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Patents are the Foundation of the Market for Inventions

by Daniel F. Spulbervia IP2 Working Paper Series
Monday, April 21, 2014

IP² Working Paper No. 14009 - The paper develops a comprehensive framework demonstrating that patents provide the foundation for the market for inventions.

Understanding the Realities of Modern Patent Litigation

by John R. Allison, Mark A. Lemley, David L. Schwartzvia IP2 Working Paper Series
Wednesday, April 16, 2014

IP² Working Paper No. 14008 - Sixteen years ago, two of us published the first detailed empirical look at patent litigation. That study provided a wealth of valuable information about patent validity litigation, including the discovery that nearly half of all patents litigated to judgment were held invalid. 

Does Compulsory Licensing Discourage Invention? Evidence from Patents after the US Trading-with-the-Enemy Act

by Joerg Baten, Petra Moservia IP2 Working Paper Series
Wednesday, April 16, 2014

IP² Working Paper No. 14007 - Compulsory licensing – which allows patents to be licensed without the consent of patent owners – is a prominent mechanism to improve access to essential innovations, such as medicines to combat HIV. 

Smart Phone Litigation and Standard Essential Patents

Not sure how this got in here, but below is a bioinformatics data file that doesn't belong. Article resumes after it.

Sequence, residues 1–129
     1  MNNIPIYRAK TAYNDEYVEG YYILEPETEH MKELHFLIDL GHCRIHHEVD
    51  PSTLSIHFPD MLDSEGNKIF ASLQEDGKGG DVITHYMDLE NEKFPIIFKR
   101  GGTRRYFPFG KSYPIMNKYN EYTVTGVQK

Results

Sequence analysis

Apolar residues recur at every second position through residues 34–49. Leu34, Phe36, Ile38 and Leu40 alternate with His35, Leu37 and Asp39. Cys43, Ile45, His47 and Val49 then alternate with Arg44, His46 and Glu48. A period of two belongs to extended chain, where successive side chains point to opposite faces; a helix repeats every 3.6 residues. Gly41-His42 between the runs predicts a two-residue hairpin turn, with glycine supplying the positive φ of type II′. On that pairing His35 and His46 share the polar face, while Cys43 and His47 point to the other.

by Kirti Gupta, Mark Snydervia IP2 Working Paper Series
Wednesday, April 16, 2014

IP² Working Paper No. 14006 - The recent sensationalizing of litigation in the smart phone industry has fostered several concerns, in particular those relating directly to the so-called standard essential patents (SEPs).

Do Firms Underinvest in Long-Term Research? Evidence from Cancer Clinical Trials

by Eric Budish, Benjamin N. Roin, Heidi Williamsvia IP2 Working Paper Series
Wednesday, March 12, 2014

IP² Working Paper No. 14005 - Patents award innovators a fixed period of market exclusivity, e.g., 20 years in the United States. Yet, since in many industries firms file patents at the time of discovery (“invention”) rather than first sale (“commercialization”), effective patent terms vary: inventions that commercialize at the time of invention receive a full patent term, whereas inventions that have a long time lag between invention and commercialization receive substantially reduced – or in extreme cases, zero – effective patent terms.

Commentary: Monetary Policy after the Fall

by John B. Taylorvia Economics Working Papers
Saturday, August 28, 2010

Economics Working Paper WP10106

Politics and the Fed

by Allan H. Meltzervia Economics Working Papers
Monday, March 1, 2010

Economics Working Paper WP10102